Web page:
Random Lazy Summer Thoughts

July 27, 2012

July has simply exuded heat and busyness and more heat and laziness and hotness and more busyness. And that is probably one of the most boring sentences you have ever read. But that just kind of exemplifies the month–not much happening in the middle of lots of activity in the midst of sweat. One exciting event that the whole month has hovered around is the big move for daughter Amy, her husband Chris and baby Charlie from small apartment to their very own house with a yard. Bret and I have been making two trips to Lexington each week to help with the packing, cleaning and baby bouncing. The glorious day has finally arrived and they will be spending their first night in their new home in Wilmore, just outside of Lexington, tonight. What a joy it has been to be able to help out with this major milestone in their lives. Spending more time with little Charlie has been an extra bonus!

The constant heat has slowed my brain down to a crawl. Not a stinkin’ deep or profound thought is coming to me. I haven’t even had any more goofy kitchen mishaps to relate in this sacred space. The only item of any possible interest concerns an odd little topic that is near and dear to my pitter pattering heart, but perhaps not to many others who might happen upon this bloggy swamp of randomness.

I was reading my devotionals the other day and a verse from Acts 17 and its accompanying study note grabbed me by the collarbone and shook me. Paul was making a speech in Athens. He referred to all the altars and statues to their various gods that he saw as he walked through the city. One was inscribed with the phrase, “To An Unknown God.” Paul used this as a jumping off point to share with the Greeks who this unknown God was, namely the creator of the universe who had come to live among us in the form of a man, Jesus, who died and then rose from the dead. In the midst of this discourse, Paul quoted a couple of their own Greek poets (verse 28) in works where they were extolling the virtues of Zeus. I had read this passage many times before, but for some reason on this particular morning, it really struck me between the eyes that if Paul could quote these lines from poetry, he must have READ the poetry. The study note mentioned two other places where Paul quoted lines from Greek literature, one from a Greek play in 1 Corinthians 15:33 and one from another poem in Titus 1:12. Obviously Paul, a former Jewish Pharisee who lived his life by the laws of the Pentateuch was a well-read man. All of a sudden I thought, “If a legalistic Jew saw nothing wrong with reading a wide variety of secular literature and then as a converted God-loving Christ-follower he quoted it in order to assimilate into the culture of the people he was trying to reach, then maybe it is fine and dandy that I like to read great works of literature that aren’t necessarily Christian in nature!”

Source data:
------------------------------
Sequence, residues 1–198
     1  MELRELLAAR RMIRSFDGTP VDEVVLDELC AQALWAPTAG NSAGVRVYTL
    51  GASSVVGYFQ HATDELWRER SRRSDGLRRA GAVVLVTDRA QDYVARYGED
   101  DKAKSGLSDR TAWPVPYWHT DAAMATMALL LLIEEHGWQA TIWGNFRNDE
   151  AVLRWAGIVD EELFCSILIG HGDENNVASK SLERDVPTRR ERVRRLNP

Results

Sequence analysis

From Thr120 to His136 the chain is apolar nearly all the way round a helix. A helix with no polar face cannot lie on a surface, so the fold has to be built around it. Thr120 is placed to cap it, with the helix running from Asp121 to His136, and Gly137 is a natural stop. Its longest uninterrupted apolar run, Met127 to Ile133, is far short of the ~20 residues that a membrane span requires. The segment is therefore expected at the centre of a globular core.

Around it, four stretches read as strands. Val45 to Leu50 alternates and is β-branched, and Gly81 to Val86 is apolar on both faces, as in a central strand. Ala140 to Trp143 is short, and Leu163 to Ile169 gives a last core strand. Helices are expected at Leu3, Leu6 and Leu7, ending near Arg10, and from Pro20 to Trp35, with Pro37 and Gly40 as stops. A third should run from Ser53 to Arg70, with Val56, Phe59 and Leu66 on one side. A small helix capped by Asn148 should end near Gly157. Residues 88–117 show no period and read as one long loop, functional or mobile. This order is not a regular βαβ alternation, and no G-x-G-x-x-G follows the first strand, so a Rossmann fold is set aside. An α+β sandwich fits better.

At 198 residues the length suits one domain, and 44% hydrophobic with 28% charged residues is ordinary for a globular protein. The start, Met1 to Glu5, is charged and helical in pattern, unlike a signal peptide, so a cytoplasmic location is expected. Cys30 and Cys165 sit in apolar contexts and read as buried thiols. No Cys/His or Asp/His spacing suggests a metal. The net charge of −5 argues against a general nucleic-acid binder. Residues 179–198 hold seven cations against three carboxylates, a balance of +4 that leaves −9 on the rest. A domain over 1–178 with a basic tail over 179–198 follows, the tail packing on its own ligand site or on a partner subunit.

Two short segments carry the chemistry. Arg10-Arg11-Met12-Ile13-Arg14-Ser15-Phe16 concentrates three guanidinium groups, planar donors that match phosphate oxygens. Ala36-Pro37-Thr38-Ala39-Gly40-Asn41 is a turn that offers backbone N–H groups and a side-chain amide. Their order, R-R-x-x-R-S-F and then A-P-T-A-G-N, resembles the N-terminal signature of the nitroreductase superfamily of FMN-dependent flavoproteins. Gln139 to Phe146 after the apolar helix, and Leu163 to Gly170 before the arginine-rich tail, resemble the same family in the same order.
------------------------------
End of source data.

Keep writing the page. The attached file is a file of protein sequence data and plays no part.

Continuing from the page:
This made me very happy. I have indulged in a decades long discussion with myself about this very topic. Sometimes depression has set in as I listened to other Christians talk about secular literature, music and activities as something that committed Christians should avoid. Some of it I would agree with, but I’ve never felt that all secular creative works should be shunned just because the author isn’t a Christian or because the themes of the works are not all about God. I happen to find God in everything I read and experience, even if it is anti-God. Reading or listening to the opposite of what I think and believe forces me to study my beliefs more and in the end strengthens them. So I have decided that I will mark this little frustration off my list and move forward in the joy God has placed within me! He made me this way, so I think that means He has a reason for it. Yippee!

Thank you for listening and I hope you too are living life as the person God created you to be!